The GOP tax bill has cleared another hurdle, and appears to have momentum–there are even reports suggesting it will be voted on today. Those of us hoping that at least two or three Senate Republicans might put the interests of the country above those of their party are likely to discover that those principled Republicans don’t exist.
Every time I discover something new about this abominable bill, it gets worse. So far, I’ve come across no redeeming features of this obscene and economically destructive proposal.
The latest “discovery” comes courtesy of Dispatches from the Culture Wars.
Republicans love to tell us that if the government would just stop providing a social safety net, churches and charities would step in and everything would get better. But a study
of the new Republican tax “reform” bill says it will reduce charitable giving
by up to $24 billion a year.
It’s hard to tell whether this nasty little surprise was intentional–I rather doubt it, since the entire bill displays incredible ignorance of how the economy really works. (If anyone supporting this giveaway to the rich really believes it will create either jobs or prosperity, that would be the ultimate triumph of hope over experience.)
As any economist or tax lawyer will affirm, many–perhaps most– of the provisions in the IRS Code work a lot like the balloons used by the guys making them into animals at fairs and festivals–squeeze here, and it gets bigger there. As the referenced study found,
Even though the House version of the Tax Cuts and Jobs Act (TCJA) preserves the charitable income tax deduction, other income tax provisions of the bill could reduce charitable giving by between $12 billion and $20 billion in 2018, based on new estimates from the Tax Policy Center. A second provision—repeal of the estate tax—could reduce giving by another $4 billion in the longer run.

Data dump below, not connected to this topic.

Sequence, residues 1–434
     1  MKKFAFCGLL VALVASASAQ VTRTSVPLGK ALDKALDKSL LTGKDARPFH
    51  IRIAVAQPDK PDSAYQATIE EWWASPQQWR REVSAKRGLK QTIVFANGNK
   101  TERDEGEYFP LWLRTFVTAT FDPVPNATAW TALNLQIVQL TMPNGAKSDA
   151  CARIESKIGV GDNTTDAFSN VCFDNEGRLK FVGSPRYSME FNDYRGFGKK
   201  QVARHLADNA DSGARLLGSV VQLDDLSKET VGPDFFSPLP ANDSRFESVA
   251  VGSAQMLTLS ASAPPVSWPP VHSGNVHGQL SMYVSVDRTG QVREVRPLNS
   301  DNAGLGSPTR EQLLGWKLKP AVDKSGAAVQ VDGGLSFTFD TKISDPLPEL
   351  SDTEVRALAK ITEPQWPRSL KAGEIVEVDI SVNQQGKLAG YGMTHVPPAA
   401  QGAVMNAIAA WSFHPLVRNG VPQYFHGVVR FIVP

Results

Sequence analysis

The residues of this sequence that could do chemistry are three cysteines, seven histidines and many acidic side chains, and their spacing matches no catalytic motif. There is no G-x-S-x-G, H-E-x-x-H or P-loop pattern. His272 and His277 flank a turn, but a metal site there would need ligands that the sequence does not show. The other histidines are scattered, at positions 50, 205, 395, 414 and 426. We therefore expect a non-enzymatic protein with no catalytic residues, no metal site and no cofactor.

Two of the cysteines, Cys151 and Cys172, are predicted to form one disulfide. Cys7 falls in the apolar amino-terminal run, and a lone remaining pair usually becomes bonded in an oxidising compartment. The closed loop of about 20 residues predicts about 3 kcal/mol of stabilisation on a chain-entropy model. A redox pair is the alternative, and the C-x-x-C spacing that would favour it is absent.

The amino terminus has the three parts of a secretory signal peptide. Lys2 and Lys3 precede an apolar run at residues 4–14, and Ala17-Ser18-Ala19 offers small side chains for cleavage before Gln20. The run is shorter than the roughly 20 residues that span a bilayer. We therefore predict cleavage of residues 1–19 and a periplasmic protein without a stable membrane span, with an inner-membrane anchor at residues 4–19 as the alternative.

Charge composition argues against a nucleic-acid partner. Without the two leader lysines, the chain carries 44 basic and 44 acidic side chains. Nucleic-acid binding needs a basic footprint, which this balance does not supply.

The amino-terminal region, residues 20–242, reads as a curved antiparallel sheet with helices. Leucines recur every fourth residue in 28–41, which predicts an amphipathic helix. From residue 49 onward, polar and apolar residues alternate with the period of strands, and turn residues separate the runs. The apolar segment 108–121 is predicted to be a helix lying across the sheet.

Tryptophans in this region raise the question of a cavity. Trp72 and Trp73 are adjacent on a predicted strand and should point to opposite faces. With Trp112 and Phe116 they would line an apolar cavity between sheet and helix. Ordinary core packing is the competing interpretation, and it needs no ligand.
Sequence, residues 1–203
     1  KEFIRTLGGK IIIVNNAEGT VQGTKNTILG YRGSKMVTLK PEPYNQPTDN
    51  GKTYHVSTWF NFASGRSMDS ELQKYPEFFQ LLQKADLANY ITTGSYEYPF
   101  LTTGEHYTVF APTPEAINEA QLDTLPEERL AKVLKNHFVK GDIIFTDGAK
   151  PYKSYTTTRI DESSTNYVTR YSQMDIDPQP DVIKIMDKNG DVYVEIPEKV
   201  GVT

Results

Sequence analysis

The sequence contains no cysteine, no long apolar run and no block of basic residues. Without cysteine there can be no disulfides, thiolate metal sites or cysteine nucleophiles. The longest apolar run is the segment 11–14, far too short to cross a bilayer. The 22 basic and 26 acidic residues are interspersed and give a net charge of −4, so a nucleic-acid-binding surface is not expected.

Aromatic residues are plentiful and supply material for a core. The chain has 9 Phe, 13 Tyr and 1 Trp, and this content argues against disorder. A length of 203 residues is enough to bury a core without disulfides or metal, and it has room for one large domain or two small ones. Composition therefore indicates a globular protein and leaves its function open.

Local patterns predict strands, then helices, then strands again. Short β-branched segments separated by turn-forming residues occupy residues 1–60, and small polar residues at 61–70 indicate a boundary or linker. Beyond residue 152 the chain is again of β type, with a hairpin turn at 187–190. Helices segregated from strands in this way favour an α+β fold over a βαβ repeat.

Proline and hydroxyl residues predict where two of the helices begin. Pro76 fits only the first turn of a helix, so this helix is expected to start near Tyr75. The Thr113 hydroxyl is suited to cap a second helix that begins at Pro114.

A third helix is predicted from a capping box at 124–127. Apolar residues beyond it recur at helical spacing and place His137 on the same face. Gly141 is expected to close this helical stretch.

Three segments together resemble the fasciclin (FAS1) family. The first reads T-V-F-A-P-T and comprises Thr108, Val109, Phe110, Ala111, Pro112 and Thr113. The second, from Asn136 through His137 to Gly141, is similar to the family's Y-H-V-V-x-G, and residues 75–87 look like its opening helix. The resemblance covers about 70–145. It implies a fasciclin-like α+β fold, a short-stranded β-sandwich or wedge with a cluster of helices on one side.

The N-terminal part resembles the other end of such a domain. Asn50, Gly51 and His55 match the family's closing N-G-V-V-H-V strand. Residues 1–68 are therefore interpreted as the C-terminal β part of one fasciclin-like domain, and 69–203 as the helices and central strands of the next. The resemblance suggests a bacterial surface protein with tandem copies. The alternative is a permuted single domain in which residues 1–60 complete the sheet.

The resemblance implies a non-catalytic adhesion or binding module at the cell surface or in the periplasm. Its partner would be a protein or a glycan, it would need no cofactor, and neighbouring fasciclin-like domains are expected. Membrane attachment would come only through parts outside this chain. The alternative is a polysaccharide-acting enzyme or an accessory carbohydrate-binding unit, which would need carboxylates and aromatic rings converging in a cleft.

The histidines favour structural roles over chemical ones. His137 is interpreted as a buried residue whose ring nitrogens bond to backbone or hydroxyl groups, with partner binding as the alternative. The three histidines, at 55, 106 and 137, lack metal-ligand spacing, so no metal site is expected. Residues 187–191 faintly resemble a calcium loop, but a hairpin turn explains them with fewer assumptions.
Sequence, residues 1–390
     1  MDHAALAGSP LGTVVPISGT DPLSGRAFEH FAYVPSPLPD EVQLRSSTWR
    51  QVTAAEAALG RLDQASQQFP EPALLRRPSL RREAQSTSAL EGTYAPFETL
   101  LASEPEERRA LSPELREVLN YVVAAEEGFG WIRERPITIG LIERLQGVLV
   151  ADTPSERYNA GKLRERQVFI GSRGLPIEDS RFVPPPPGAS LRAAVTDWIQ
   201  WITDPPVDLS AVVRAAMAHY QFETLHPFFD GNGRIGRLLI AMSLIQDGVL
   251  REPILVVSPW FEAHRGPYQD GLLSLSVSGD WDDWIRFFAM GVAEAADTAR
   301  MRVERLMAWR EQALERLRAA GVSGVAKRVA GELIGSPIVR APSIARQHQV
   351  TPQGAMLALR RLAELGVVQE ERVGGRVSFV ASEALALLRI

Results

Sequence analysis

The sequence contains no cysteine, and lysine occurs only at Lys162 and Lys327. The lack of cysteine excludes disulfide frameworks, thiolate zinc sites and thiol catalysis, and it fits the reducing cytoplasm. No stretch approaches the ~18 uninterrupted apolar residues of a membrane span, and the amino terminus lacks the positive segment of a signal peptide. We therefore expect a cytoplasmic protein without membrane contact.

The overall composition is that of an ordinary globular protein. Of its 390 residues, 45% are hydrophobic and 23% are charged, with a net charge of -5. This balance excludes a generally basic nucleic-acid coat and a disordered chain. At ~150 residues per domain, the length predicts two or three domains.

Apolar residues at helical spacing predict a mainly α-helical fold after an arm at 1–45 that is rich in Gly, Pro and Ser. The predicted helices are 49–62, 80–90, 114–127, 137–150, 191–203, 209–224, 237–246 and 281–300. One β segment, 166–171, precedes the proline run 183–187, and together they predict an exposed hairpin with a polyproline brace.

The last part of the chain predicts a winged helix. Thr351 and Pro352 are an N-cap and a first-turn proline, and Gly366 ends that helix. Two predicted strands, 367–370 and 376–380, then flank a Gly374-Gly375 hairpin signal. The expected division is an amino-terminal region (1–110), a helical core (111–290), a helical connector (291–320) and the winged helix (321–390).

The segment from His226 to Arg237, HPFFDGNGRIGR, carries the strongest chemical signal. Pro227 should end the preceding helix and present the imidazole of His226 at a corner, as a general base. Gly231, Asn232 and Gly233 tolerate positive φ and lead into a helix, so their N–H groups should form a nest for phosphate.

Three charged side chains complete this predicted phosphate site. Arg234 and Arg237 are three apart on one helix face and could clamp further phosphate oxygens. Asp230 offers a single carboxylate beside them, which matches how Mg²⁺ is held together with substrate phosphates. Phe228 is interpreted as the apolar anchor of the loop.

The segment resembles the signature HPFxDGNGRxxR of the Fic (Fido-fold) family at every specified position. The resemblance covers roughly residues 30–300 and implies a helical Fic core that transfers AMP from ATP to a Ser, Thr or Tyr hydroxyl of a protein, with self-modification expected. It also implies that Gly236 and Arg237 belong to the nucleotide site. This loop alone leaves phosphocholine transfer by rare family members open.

By nearly doubling the standard deduction and either repealing or scaling back most itemized deductions, the House version of the TCJA would substantially reduce the number of taxpayers who elect to itemize. TPC estimates that fewer than 13 million taxpayers would itemize deductions in 2018 under the House version of the TCJA, down from more than 46 million under current law.
It would be lovely if everyone making a charitable contribution was motivated purely by concern for whatever cause their dollars are supporting. (If you do believe that, I have some swampland in Florida to sell you…) Even generous givers, however, are conscious of the tax incentives involved. When the effective cost of a donation is less, it’s easy to give more. This tax bill reduces that incentive by increasing the after-tax cost of giving by about 8 percent.
This troubling result is less obvious from the face of the bill than several of the other consequences that have been highlighted: the 1.4 trillion added to the deficit, severe automatic cuts to Medicare, making graduate school unaffordable by taxing tuition supports as income (or, for that matter, making all college educations less affordable by removing the deduction for interest on student debt.) It goes on and on.
We are living with an American government that reserves its favors for the “haves” while doing steadily less for the “least among us.” The people getting the short end of the stick are going to depend to an even greater extent upon the charitable organizations that are already stretched well beyond their capacities– organizations that are demonstrably unable to fill the considerable gap between what poor families need to survive and what they earn.
It’s going to get very ugly.
On the other hand, you will still be able to deduct the expenses for your corporate jet….